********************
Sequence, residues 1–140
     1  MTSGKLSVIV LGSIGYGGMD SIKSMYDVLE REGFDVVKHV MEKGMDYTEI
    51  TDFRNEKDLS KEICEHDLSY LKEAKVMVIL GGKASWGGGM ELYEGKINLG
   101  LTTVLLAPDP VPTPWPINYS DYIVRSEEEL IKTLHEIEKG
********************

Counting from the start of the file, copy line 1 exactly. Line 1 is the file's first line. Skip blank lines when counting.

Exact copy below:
Sequence, residues 1–140